Political Tension Heats Up in Saudi Arabia As Economy Downgraded

When Fitch cut Saudi Arabia’s credit rating on Tuesday, it cited the usual concerns: low oil prices and a widening government deficit.

That’s not terribly surprising — the world’s largest oil exporter has endured a slew of downgrades from ratings agencies in recent months.
But the Fitch analysis went beyond oil prices, including warnings tied to political uncertainty within the kingdom, and rising tensions in its volatile neighbourhood.

The credit ratings agency said that policymaking in the kingdom has been concentrated in the hands of Prince Mohamed bin Salman, who is the country’s defense minister and second in line to the throne.
That’s good because it has accelerated decision making. At the same time, Fitch said it has made policy less predictable.

Earlier this month, the deputy crown prince outlined bold plans to build a mega $2 trillion investment fund to help wean his country off its heavy reliance on oil. But Fitch said that it’s not clear whether the deputy crown prince has built a consensus around his initiatives.

“The degree of support for this accumulation of power from other parts of the royal family is uncertain,” Fitch said.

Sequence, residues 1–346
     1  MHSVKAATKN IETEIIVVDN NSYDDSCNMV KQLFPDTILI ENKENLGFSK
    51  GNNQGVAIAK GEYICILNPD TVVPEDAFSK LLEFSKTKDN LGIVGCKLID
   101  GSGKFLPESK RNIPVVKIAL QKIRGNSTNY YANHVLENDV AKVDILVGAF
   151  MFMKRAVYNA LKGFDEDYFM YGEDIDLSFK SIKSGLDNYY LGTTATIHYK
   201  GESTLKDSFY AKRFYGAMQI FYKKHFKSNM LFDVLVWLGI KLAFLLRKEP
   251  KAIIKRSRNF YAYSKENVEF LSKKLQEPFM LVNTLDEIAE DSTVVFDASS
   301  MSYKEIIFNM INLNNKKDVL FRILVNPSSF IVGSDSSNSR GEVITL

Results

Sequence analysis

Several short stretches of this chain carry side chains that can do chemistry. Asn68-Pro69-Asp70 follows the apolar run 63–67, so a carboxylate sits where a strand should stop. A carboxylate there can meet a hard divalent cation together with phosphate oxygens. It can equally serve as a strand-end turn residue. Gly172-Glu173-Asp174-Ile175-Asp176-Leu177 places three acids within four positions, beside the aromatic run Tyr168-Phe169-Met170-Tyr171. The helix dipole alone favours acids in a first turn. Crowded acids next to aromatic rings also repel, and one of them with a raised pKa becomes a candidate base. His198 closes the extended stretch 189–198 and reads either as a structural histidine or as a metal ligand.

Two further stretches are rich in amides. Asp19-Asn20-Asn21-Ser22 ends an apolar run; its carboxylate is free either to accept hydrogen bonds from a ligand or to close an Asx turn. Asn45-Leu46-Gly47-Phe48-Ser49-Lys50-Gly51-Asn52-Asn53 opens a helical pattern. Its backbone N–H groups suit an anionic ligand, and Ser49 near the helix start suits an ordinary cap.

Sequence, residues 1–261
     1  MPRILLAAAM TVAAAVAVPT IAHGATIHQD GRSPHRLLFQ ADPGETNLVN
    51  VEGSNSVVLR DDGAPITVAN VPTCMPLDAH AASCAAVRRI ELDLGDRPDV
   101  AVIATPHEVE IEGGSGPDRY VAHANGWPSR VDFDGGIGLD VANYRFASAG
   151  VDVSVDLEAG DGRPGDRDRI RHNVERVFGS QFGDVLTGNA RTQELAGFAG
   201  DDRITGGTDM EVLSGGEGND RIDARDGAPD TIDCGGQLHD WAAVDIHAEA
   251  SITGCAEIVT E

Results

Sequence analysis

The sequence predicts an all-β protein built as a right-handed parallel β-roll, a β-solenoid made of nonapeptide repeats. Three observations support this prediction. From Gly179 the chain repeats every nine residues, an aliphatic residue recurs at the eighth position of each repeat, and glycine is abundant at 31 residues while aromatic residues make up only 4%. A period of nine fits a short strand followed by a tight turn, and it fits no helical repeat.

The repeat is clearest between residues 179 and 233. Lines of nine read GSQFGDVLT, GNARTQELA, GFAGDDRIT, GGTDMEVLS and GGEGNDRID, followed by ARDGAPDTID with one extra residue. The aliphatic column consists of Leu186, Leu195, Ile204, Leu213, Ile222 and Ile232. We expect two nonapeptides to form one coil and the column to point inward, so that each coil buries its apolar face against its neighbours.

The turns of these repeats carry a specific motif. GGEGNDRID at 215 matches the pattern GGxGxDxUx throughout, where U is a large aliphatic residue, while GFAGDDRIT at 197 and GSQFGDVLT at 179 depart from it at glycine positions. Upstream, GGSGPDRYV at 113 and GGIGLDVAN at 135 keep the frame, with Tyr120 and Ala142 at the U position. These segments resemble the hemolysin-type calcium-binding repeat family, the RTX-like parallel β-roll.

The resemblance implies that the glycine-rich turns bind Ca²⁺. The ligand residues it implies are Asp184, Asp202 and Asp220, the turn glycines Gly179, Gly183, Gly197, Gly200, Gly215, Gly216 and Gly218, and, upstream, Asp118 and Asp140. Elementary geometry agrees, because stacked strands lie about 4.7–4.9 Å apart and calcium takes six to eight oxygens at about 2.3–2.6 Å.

via CNN

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Alfonso Esparza

Alfonso Esparza

Senior Currency Analyst at Market Pulse
Alfonso Esparza specializes in macro forex strategies for North American and major currency pairs. Upon joining OANDA in 2007, Alfonso Esparza established the MarketPulseFX blog and he has since written extensively about central banks and global economic and political trends. Alfonso has also worked as a professional currency trader focused on North America and emerging markets. He has been published by The MarketWatch, Reuters, the Wall Street Journal and The Globe and Mail, and he also appears regularly as a guest commentator on networks including Bloomberg and BNN. He holds a finance degree from the Monterrey Institute of Technology and Higher Education (ITESM) and an MBA with a specialization on financial engineering and marketing from the University of Toronto.
Alfonso Esparza